With a Grant donation of $3,770 our site in Baraka, Kenya started a poultry project to help local families. They initially bought 70 chicks and now, 35 hens gave approximately 80 to 90 eggs a week. Some eggs and birds were sold buy feed for the laying hens.
Baraka site has many group members who have set up a poultry business at home. They realized that although chicken keeping is common and very easy to manage, members had problems accessing the best variety of chicks. To solve this problem the Site purchased an incubator through the Chalice Gift Catalogue.
With a capacity of 528 eggs per every hatching session, the machine is going to help group members access chicks easily.
The Site is projecting that within the next two years the majority of our Baraka beneficiaries (at least 200 sponsored families) will have no less than 50 hens and eggs at home which they can use to both supplement their diet and earn an income.
Many sites are participating in the Chalice Children Nutrition Programs. Examples of programs include support to soup kitchens, school feeding programs, distribution of food baskets, community and school gardens, provision of nutritional supplements, deworming, and training of children, parents, and elders on topics related to nutritional health.
1) Grave conditions for which urgent action is required and which, if not urgently addressed, will endanger the life of the individual(s) concerned (e.g. hospitalization and treatment for serious injuries sustained in an accident).
2) Chronic, serious, and/or congenital medical conditions that negatively impact an individual's health and/or quality of life (e.g. corrective surgery required for a child born with cleft palate).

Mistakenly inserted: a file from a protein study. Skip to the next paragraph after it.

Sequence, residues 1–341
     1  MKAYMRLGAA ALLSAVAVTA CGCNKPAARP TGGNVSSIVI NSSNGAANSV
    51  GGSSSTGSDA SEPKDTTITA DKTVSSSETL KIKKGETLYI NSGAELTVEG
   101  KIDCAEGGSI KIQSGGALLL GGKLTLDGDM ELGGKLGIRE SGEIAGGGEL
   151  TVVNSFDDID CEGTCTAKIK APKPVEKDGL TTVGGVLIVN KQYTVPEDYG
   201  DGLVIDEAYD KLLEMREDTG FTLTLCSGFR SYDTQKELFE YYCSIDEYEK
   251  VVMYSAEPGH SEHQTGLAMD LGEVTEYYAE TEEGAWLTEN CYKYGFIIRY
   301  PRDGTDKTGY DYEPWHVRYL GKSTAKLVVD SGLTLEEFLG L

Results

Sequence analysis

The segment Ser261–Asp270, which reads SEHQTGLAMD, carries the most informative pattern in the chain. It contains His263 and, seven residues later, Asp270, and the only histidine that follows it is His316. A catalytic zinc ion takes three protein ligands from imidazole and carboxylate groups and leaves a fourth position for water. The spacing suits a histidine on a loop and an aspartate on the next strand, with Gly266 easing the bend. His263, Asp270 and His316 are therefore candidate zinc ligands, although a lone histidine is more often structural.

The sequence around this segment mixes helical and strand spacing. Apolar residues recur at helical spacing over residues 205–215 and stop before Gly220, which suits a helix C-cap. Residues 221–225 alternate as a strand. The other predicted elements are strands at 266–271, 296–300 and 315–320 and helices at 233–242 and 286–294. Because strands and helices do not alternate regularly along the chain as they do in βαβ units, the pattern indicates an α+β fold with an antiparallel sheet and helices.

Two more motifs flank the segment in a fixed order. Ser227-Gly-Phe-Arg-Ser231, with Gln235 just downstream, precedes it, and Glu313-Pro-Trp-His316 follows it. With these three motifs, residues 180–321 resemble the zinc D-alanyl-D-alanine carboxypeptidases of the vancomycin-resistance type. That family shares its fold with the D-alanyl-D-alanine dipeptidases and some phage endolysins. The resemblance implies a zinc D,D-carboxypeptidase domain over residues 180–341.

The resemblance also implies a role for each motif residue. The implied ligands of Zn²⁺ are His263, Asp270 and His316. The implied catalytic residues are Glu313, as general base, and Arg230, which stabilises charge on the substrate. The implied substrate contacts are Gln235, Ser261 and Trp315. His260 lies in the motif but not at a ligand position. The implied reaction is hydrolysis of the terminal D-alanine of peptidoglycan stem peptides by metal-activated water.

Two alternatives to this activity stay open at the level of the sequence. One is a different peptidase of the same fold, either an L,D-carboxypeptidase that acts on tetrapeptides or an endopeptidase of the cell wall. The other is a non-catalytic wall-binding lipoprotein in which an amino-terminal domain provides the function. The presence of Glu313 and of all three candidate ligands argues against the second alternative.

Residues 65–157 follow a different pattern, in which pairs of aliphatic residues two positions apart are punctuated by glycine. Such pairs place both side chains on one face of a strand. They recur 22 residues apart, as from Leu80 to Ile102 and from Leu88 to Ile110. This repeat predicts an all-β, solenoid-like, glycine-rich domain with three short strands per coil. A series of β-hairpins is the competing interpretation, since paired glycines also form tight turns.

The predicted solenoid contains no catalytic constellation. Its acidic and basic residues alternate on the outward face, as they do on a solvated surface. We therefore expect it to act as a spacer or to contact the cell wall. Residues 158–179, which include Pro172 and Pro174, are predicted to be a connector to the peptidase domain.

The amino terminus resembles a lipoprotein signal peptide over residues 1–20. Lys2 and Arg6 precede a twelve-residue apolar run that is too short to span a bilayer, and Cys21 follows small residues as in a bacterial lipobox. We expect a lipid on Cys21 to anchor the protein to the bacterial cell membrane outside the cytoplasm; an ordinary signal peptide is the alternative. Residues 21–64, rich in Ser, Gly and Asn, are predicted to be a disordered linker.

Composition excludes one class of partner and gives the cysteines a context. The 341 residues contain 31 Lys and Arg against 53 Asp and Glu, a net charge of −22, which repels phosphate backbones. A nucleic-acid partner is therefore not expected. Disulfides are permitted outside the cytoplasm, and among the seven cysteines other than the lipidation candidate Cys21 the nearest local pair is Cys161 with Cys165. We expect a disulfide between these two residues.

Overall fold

3) Extreme emergency situations that threaten the well-being of a family (e.g. rebuilding a family home that was destroyed in a fire).
In the 2018-2019 fiscal year Chalice sent $185,964 in funding to our sites, which is about 0.7% of total funds sent.
Some examples of past Disaster Relief funding are: East African Famine and Drought Relief in 2011 and 2017; Hurricane Matthew in Haiti (South) in 2016; Typhoon Haiyan in Philippines in 2013.
In the 2018-2019 fiscal year Chalice sent $170,540 in funding to our sites, which is about 0.7% of total funds sent.
Eligibility is based on site capacity and performance in financial and operational requirements. Sites are given a list of items they may use to guide their requests. This program benefits both sponsored and non-sponsored children. There is a broad range of categories in the catalogue and sites use this funding opportunity to supplement activities and reach out beyond the sponsorship program. Some examples are: animals (goats, rabbits, and chickens), educational items (books, classroom furniture, and uniforms), health and hygiene (vaccines, toiletries, diapers, and specific medical needs), skills development, small business support, and community infrastructure like water systems and agricultural support.
Where we work